"I saw the humanity in him," he says. "He loved his children. He loved his wife. He came from a very poor family and started running drugs up to Guatemala when he was young — he travelled the same route I had travelled to go into the country. It’s hard to judge a man. When you’re born with no opportunity, what do you do? Do you pick up the gun ... or do you live like a slave?"
Later, in the Honduran capital of Tegucigalpa, he’s startled by gunshots from the street below the window of his tiny hotel room. The hotel owner, in a drunken rage, fires six shots at his wife, who screams desperately.
"I could smell the gunpowder," Leite says. "I could taste it. I just felt so helpless, not knowing what to do for the woman as she yelled."
The fear drags on throughout the night. He imagines the man climbing the stairs to his room and murdering him — the hotel’s only guest, the only witness, who couldn’t have helped but heard the whole thing. He sits on the bed and stares at the door. He doesn’t fall asleep. Fortunately, the hotel owner was a bad shot and his wife was unharmed. In the morning, he saddles the horses and rides off, relieved to be leaving his hotel in Honduras.
In spite of everything, from grizzly bears to cartel kids to drunk husbands with guns, Leite considers the worst part of his journey down through the Americas to be the bureaucracy. Distrustful to the point of paranoia, border authorities stop him for days at a time, going over paperwork, medical records for the horses, seals, stamps and signatures.
His longest border crossing is his last, in the humid South American summer of 2014, east from Bolivia into Brazil. He and Brazier are stopped and the horses unsympathetically quarantined for 30 days.
"I was at the end and I had arrived on nothing," Leite says. "I was dying. My pants were ripped [and] my boots had holes. I was a mess."
"It’s hard to stay motivated two years into the trip," Brazier adds. "You’re just exhausted."
The cold sterility of quarantine weighs heavily on their spirits. Despite several daily medical tests the horses are required to endure, nothing is provided for them. Leite and Brazier have to hire an expensive veterinarian, as well as purchase netting and cleaning supplies for the horses’ stalls. Before long, the expensive quarantine ruins them and, literally penniless, they grow increasingly desperate as the horses face starvation.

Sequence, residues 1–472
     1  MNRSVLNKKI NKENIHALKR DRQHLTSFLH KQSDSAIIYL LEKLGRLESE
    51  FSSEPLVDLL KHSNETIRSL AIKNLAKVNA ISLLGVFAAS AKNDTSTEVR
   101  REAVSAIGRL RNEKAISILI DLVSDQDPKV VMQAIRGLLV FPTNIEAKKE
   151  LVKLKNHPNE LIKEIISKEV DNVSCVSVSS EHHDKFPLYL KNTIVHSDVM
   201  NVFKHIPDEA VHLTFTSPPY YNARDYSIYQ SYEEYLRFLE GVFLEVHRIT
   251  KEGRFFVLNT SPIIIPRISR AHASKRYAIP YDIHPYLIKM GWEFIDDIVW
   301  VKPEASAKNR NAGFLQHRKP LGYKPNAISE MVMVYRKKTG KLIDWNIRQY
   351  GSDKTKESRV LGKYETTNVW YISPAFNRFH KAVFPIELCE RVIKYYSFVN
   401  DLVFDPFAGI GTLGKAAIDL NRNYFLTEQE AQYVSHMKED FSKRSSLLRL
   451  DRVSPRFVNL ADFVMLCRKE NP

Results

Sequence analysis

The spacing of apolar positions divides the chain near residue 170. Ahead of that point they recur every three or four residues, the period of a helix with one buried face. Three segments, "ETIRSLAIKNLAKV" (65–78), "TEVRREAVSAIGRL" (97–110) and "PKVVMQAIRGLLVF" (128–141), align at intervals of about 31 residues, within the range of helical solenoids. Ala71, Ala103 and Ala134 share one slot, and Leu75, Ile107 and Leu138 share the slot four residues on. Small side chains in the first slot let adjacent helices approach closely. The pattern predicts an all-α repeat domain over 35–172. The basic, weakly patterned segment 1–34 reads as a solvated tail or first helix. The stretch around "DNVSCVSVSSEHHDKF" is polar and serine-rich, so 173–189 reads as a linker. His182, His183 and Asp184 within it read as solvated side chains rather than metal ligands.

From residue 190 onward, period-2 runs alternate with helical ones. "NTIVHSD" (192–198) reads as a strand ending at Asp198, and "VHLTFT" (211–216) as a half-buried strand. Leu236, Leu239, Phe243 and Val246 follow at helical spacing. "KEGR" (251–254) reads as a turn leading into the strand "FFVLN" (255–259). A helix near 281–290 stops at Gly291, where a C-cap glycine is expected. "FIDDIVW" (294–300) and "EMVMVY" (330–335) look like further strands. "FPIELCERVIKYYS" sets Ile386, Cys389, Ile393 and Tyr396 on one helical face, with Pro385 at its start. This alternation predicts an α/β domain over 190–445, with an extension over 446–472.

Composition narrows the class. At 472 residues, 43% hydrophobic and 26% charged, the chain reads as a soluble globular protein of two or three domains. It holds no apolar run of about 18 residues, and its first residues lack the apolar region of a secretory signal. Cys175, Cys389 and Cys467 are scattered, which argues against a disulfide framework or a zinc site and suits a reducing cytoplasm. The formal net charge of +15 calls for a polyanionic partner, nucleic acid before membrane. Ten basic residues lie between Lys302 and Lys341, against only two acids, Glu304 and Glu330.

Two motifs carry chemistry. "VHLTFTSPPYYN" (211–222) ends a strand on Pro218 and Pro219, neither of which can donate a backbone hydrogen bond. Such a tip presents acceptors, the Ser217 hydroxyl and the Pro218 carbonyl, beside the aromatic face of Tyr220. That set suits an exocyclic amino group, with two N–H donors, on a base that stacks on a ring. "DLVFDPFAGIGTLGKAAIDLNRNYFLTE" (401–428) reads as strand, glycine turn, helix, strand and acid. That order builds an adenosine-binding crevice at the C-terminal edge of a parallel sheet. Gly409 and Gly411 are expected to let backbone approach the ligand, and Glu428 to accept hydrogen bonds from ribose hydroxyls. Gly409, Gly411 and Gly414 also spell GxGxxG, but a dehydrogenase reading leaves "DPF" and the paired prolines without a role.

"It’s like a mother not having food to give her child," Leite says. "It just kills you."
Turning back to social media as his last hope, Leite posted to Facebook about the ordeal, pleading for help from anyone who follows Journey America online. Within minutes, a Brazilian farmer offered to donate a truckload of hay. Another offered to drive it to the border. Others offer money for gas. Comment after comment comes in from people all over the continent, some who’ve never met Leite in person, offering whatever they can and, above all else, their sincerest support.
"It’s the power of social media," Leite says. "It’s very telling of our times."
"I was dying. My pants were ripped [and] my boots had holes. I was a mess."
Not only did it help Leite throughout Journey America — from securing funding in the first place to keeping his mother informed that he was, in fact, alive — it also allowed him to improve the lives of countless others. Through Facebook, he was able to secure a $3,000 sponsorship for a Mexican youth baseball team, as well as $500 for two boys with osteogenesis imperfectica, also known as glass-bone syndrome.
"It’s amazing what you can accomplish through this medium that some people like to trash, saying it’s separating us," he says, believing nothing to be farther from the truth.
At last, on Oct. 10, 2014, after 803 days on the road — over mountains and marshes, deserts and snow — Leite arrived in his hometown of Espirito Santo do Pinhal in the state of São Paulo, Brazil. He rides into town joined by more than 500 others — a slow, happy stampede. He looks into the welcoming crowd and sees familiar faces: family friends and childhood pals all grown up. He greets the mayor and is showered with gifts. That night, the town throws a welcoming party.
After his glorious homecoming, in a quiet moment Leite takes the container with Naomi’s ashes out to the pasture where the horses laze, basking in their well-deserved retirement. He removes the lid and thinks of Naomi, of everything they’ve been though together since Craig, Colo.
"As I got farther on the trip," he says. "I started to feel like Naomi was a guardian angel."
He then spread the ashes on the pasture, throwing them from the container up out into the air.
"I thought they would just drop," he says. "But they rose like a cloud and went up to the sky until they disappeared. It was a really beautiful moment."
Now settling down to life on his family farm, Leite will soon have his journey told in a Rosenblum-produced documentary. He’s also 160,000 words into the first draft of a book — his very own Tschiffely’s Ride — to be published later this year.
"I started to feel like Naomi was a guardian angel."
For more information, here is Journey America, where Leite's video updates were posted, and this is Leite's instagram profile.